Hanukkah starts next week, but here in the city, it’s hard even for us Jews to avoid the Christmas cheer. This holiday season, we’re embracing Jewish stereotypes by eating Chinese food and watching movies on Christmas; we’re teaming up with Soy Vay for a #ShalomLomein giveaway, so you can host your very own Jewish Christmas Eve party.
We love Soy Vay sauces not only because they’re kosher (OU), but because they’re made without preservatives and other gross ingredients that we avoid in our cooking. You can read more about Soy Vay, and how the company started, here.
Follow us and Soy Vay on Instagram and repost our photo to enter our #shalomlomein giveaway!
Ten winners will receive their very own #ShalomLomein party kit, which includes:
- $50 grocery gift card
- $25 Netflix gift card
- Soy Vay product: Veri Veri Teriyaki, Island Teriyaki and Hoisin Garlic
- Soy Vay recipe cards: Veri Veri Teriyaki Saucy Vegetable Chow Mein, Island Teriyaki Mango Chicken and Hoisin Garlic Beef and Asparagus Stir-fry
- Decorations for the Christmas Eve parties including paper lanterns, chopsticks, and toys/games (Mahjong and Dreidel)
Winner will be announced December 18.
Plus, share your Christmas eve party with us on Facebook, Twitter, or Instagram using the #shalomlomein hashtag, to be entered to win the grand prize of $100 gift card for cooking class or personal chef.
Not sure what to get your fellow foodie friend for Hanukkah this year? We’re not big on gifts, but if someone wanted to send us something from this list, we wouldn’t complain!
Here are some of our favorite things in the kitchen these days, along with some things we’ve been eyeing—might have to treat ourselves this holiday season! Continue reading
It’s a Hanukkah tradition to eat fried foods, you know, to remind us of the oil that lasted eight days instead of only one. Sufganiot, or jelly doughnuts, are one of the foods that you will always see at a Hanukkah party, along with latkes.
I have to admit, I don’t really eat doughnuts, especially ones filled with jelly or cream. It’s not that they aren’t delicious, they are, but only in theory. The ones you can buy at Dunkin Donuts is just not worth it, and the ones that are filled just have way too much filling to be enjoyed. They’re also too big, too sweet, and not fluffy enough. That’s why I decided to take matters into my own hands and make my own doughnuts. They’re just a soft dough that’s cut into bagel-like shaped and fried, how hard can that be? And what better timing to make them than a family Hanukkah party?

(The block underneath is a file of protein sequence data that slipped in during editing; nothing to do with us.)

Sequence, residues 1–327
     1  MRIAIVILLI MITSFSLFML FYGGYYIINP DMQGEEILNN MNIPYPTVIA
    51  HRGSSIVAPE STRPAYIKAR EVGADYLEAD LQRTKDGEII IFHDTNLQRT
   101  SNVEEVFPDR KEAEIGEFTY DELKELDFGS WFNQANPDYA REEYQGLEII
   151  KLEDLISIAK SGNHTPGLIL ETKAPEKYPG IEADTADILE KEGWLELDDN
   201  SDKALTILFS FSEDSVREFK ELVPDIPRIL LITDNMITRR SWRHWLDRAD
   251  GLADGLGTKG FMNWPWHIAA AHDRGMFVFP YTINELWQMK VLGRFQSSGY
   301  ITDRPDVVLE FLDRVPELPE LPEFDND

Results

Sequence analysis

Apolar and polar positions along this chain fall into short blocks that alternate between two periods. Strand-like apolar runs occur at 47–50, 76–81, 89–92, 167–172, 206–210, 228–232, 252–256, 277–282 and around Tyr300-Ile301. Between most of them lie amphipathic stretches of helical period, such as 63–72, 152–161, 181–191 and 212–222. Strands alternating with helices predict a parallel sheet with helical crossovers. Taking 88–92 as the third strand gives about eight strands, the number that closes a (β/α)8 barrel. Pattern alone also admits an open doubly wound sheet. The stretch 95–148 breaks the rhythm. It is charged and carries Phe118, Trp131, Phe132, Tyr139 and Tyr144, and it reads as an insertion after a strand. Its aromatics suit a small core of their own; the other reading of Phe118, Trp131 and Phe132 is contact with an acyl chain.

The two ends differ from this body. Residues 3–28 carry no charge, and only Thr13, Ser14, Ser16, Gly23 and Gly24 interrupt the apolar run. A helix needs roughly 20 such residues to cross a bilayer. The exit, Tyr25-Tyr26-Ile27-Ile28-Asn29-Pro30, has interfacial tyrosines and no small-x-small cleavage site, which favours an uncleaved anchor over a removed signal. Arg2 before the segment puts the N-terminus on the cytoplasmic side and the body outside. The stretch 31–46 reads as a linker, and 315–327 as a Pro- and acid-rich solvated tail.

No, I didn’t make the traditional Sufganiot. But they’re still fried in oil, so they’re still Hanukkah worthy. Continue reading
You didn’t think we’d get through eight days of Hanukkah and not post a holiday recipe for you, did you?
We actually eat ejjeh potato all the time, not only on Hanukkah. It’s a delicious and easy food to make for the beach on a summer Sunday afternoon. They also make great leftovers, so make extra and take some for lunch in a sandwich the next day.
Because latkes are fried, they are a customary Hanukkah food. On these eight days, Jews load up on oily foods to remember the miracle of the oil. These latkes are different than the Ashkenaz version, which you probably see more often. These are more like home fries. They’re soft in the middle and really deliciously crispy on the outside. Continue reading